• Get the new tire, lift it and place it onto the studs. To cross check, whether you have placed it properly, check for the air valve. It always faces out. Now, place the lug nuts back the way you unscrewed them. Tighten up each one slightly in a star pattern. Don’t tighten lug nuts located adjacent to each other. tighten up lugs
  • Slowly, bring down the car from the jack and remove it. Now tighten the lug nuts as much as you can. Place the hub cap back and you are ready to continue on your journey!

Discussions On Buying A Used Hybrid Car

Saturday, December 12th, 2009
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2001 PRIUSSometimes, a seemingly innocent question gives rise to some pretty hot discussion.

Such was the case at a local watering hole recently on buying a used hybrid: One fellow was voicing his thoughts on purchasing a used hybrid… It was a move aimed at doing something to atone for his past environmental sins — he drives a full-sized SUV. The gathered throng argued the pros and cons. He maintained it was a good thing to do from an environmental perspective; others suggested a fool and his money are soon parted.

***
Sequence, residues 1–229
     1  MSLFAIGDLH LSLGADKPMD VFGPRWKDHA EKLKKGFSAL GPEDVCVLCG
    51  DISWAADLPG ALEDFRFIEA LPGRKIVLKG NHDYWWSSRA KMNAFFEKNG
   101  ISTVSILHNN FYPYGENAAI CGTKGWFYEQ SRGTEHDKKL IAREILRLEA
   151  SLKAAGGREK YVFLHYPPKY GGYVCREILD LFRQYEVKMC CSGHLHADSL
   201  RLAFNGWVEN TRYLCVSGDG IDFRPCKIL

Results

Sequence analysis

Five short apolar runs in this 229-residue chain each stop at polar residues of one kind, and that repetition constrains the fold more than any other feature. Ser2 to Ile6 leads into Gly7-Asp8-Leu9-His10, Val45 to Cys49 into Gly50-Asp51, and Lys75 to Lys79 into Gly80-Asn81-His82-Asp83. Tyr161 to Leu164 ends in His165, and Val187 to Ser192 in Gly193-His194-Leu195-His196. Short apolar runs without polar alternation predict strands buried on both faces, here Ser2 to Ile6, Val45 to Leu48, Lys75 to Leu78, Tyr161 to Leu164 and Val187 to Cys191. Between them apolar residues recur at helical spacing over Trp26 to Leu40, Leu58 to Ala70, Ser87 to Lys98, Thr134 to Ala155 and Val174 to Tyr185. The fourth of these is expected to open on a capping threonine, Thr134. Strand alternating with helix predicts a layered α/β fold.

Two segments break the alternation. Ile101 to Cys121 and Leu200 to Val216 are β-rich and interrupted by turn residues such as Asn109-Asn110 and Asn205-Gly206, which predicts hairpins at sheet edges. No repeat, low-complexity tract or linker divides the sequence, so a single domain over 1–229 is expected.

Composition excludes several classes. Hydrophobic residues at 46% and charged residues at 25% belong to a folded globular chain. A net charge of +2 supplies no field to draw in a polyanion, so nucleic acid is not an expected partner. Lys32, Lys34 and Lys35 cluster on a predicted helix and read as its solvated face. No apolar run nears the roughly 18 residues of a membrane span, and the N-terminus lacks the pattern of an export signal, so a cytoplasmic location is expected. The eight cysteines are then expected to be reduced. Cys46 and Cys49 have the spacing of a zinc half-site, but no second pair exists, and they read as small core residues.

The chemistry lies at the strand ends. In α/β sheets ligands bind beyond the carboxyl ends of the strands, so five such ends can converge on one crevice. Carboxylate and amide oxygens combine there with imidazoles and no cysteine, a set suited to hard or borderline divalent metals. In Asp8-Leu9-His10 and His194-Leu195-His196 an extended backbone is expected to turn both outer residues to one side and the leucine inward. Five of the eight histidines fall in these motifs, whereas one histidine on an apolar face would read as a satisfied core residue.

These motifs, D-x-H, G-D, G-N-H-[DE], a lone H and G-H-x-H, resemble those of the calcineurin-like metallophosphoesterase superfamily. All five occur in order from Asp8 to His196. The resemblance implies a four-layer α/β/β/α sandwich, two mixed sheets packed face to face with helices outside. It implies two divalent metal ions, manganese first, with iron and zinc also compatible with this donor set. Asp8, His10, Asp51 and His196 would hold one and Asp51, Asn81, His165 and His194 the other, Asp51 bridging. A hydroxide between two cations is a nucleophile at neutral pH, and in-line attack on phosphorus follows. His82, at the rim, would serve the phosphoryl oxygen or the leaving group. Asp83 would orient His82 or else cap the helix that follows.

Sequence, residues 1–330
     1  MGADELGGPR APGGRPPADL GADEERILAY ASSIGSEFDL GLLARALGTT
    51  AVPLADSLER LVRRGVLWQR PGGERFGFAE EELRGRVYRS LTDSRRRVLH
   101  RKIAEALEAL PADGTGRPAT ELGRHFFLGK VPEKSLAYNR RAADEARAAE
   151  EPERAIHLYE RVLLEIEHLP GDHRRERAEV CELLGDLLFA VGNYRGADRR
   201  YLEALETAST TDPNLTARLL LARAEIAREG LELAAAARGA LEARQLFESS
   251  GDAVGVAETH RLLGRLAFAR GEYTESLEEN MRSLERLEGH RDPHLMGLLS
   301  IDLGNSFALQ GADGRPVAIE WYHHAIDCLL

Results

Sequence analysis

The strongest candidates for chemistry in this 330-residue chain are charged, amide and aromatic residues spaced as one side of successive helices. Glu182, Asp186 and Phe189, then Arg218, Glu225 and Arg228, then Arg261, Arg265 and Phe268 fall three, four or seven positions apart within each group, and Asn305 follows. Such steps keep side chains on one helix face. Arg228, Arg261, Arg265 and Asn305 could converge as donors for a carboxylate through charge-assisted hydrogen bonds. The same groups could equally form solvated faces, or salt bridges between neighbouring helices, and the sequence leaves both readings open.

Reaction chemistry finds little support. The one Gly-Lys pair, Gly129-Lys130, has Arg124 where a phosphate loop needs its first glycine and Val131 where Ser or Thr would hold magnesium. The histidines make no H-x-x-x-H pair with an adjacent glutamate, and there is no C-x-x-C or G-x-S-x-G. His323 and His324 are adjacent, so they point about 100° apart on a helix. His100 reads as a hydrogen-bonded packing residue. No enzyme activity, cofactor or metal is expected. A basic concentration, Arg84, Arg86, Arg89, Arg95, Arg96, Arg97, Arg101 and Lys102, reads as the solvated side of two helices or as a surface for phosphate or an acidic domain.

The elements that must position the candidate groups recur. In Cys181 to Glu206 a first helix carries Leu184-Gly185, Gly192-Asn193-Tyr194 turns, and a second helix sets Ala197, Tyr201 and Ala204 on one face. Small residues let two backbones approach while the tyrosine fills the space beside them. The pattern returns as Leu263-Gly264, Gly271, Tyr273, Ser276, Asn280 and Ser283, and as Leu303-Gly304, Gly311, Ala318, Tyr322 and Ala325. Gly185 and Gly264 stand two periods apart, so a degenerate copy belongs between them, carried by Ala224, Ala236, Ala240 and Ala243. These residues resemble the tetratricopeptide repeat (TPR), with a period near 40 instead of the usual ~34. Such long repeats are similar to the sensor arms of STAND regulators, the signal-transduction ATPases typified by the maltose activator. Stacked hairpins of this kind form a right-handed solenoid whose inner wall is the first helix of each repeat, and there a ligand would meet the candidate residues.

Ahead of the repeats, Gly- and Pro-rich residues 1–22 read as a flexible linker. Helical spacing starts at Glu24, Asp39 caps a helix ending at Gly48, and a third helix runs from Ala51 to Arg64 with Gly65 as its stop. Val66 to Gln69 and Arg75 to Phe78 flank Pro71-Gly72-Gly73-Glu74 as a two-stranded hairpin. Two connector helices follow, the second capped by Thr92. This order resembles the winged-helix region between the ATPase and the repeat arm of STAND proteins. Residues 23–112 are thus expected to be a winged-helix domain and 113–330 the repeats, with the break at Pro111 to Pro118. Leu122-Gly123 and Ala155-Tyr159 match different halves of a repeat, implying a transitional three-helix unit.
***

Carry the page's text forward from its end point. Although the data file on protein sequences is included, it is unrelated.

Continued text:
Of course, during the discussion, the inevitable straw dogs were erected and promptly torn apart by the black hat skeptics in the group. The problem with any discussion about the validity of buying a used hybrid is that it eventually ends up revolving around one key point — the main hybrid battery and how long it will continue to service the car. It may be functioning fine at the time of purchase, but what of the future?

The problem with most of the information regarding a hybrid’s battery life is that most of the evidence is anecdotal in nature — for every taxi driver that’s managed to squeeze 400,000-plus kilometres(Apr. 250,000 miles) out of a hybrid, there’s an equal number with the opposite experience. The skeptics cited an age-old saying: Every good rule must have an exception. Without some concrete numbers on a broader cross-section of hybrids — those driven by everyday Joes — most of the information is of little statistical significance.